Jun 17, 2017

Warangal Fort - eastern gateways

March 17, 2017
It was exactly 9 AM when we reached the eastern gateway of Warangal fort, one of the largest forts of Telangana state. The fort's gateway has a curved path through it. The walls are high, approximately 30' tall and backed by massive earthen mounds.


The gateway. like any other fort has is an arched gateway. This is the inside view.  The gateway, being a checkpost has large open halls annexed to it. Those will be used as offices for security guards and also to store arms for emergency use. The arch seen here seems to be built by Muslim rulers.

Warangal was the capital city of Kakatiya kingdom which existed between 1163–1323. Orugallu was the original name of Warangal. It is said that Warangal fort was originally a brick-walled structure was replaced with a stone structure by Ganapatideva who died in 1262. Then Rudrama Devi (Ganapatideva's daughter) ruled from 1262 to 1289 followed by her grandson Prataparudra II. Warangal fort saw many enhancements when Kalatiyan dynasty was in power. The second and third rings were built around the original fort. Kakatiyas were conquered by the Sultans of Delhi and Warangal fort was conquerd by the Muslim army. Only the two inner rings have survived till date..

The fort's outer ring is approximately 2.4 kilometers in diameter while the inner ring is 1.2 kilometers. The inner wall and outer walls were protected by moats; even to this day the moat pits can be seen filled with water however, the pits have collapsed in most places. The fort has four gateways, one in each cardinal direction. It seems the eastern and western gateways were the important ones. There's one straight road running between the western gateway and eastern gateway with two inner gateways between them.

Here we are looking at the inner western gateway, fairly well preserved. The walls here have three sections- lower, middle and upper. The lower and middle are built during Kakatiyan rule, while the merlons are built by Muslim rulers.. using debris from demolished Hindu temples.

 View of the entrance from the curtain wall. Flanking the entrance are sculptures of lions, hence I would call this entrance as Simha Dwaram.

 The snarling lion of Kakatiyas.. its ready to turn around and pounce.

Somehow these lions have survived the onslaught of Muslim armies and forces of nature. We did not get to check out the other three entrances but I feel those entrances too might have a pair of lions.

A close look at the wall over the door frame. Notice sections of black stone sculptures embedded into the wall are pieces from demolished temples.

Even the merlons have been 'decorated' with stone meshes. How mean were the Muslim rulers.. the community somehow cannot tolerate any other religion or culture.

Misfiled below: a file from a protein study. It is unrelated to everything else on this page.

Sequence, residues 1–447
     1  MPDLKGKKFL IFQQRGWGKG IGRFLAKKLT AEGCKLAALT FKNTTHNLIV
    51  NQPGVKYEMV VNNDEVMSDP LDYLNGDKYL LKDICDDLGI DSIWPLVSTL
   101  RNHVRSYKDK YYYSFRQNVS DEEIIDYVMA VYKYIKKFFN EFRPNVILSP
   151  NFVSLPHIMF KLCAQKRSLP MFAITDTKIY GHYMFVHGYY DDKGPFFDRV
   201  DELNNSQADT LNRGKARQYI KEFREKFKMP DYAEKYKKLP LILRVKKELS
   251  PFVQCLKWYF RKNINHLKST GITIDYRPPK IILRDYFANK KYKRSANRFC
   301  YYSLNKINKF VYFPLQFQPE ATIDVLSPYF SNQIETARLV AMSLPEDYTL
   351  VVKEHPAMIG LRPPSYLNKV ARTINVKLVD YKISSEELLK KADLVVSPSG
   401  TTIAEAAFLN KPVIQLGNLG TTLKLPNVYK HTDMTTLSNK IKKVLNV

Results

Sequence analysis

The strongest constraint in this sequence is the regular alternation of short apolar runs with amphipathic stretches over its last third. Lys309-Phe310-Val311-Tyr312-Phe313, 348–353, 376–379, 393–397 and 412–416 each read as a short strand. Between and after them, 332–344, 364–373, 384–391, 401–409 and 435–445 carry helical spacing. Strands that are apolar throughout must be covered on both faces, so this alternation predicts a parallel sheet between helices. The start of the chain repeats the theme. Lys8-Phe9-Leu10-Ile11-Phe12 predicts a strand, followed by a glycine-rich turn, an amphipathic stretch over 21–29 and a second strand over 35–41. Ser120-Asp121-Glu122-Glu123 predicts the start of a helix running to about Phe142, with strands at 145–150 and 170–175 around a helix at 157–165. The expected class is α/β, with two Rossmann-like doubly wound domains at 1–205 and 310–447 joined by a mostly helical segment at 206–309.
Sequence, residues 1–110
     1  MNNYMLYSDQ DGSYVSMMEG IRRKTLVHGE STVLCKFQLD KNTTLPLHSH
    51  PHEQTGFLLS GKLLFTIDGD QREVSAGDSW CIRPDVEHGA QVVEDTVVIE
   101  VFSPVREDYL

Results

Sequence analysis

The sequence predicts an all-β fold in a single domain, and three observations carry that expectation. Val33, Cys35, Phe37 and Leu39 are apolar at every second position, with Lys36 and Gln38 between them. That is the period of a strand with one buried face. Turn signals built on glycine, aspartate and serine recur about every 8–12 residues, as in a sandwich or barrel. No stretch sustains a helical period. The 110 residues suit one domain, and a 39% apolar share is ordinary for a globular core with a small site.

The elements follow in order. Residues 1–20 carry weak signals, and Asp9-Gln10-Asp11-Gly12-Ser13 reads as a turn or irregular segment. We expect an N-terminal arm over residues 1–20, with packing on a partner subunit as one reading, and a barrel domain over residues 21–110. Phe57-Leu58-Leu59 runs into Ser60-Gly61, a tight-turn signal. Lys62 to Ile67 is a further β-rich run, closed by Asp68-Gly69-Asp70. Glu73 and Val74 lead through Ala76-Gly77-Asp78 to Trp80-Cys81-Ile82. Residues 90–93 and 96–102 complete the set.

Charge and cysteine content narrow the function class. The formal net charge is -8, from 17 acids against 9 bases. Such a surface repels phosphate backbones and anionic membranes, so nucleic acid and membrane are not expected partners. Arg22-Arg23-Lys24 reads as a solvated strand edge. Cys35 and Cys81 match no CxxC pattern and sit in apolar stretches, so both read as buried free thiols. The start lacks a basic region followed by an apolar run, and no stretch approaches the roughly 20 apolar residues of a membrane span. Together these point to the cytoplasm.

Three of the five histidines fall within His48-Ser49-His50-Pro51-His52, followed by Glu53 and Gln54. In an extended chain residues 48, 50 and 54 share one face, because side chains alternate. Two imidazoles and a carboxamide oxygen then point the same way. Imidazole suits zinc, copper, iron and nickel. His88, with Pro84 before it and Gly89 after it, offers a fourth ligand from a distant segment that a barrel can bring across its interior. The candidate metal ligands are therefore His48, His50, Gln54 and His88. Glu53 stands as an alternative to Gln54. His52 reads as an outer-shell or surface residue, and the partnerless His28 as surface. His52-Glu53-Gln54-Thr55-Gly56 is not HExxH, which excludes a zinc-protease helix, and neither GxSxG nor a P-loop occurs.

View from the curtain wall.. on the left is the bastion adjoining the entrance and on the right is the curtain wall. The curtain wall has a shoulder along its length.

 
Guards can watch over the entrance or shoot from the gaps between the merlons.

The inside view of the entrance. Behind me is a 90 degree turn and another doorway which in turn links to a courtyard.

This is the rectangular courtyard which is with two doorways. This complex security system is designed to confuse and trap enemy forces trying to enter the fort. Once trapped in this courtyard, the enemy forces can be forced to surrender or disseminate easily.

This is one of the gateways seemingly in its original form. We happened to see these similarly dressed siblings.. walking rather slowly.. they must be going to or coming from morning tuition classes. This road leads to the center of the fort where you can see the massive Kakatiya Torana, Kush Mahal and Ekasila Gutta. It is possible that the monolith in this fort must be the origin of the name Warangal. Monolith in Telugu is Ekasila which is also known as Orugallu or one-stone; with time Orugallu changed to Warangal.

This is the gateway in the northern direction. This also has a complex security system. Towards the right of this gateway, is a rectangular bastion built into the rampart walls. It is said that King Prtaparudra II, according to the terms with Delhi Sultans, was supposed to stand on the bastion and bow towards Delhi once a day.

Closer look at the doorway and a narrow entrance on its side. Here the merlons are rounded, these seem like the original construction from Kakatiyan times.

This is probably the bastion on which Prataparudra was to stand and bow towards Delhi. Nevertheless Prataparudra was a brave king, he tried to break away from the Muslim rulers three times before taking his own life.

Right in the center of the fort are the famous arches of Kakatiyas.  Its a big enclosure, kind of an open-air museum of Kaktiyan stone sculptures. We spent couple oh hours looking at the amazing art works.

Kakatiyans were megalomaniacs.. you can see that in their arches and Ramappa temple. We will come to them in detail in the following posts.
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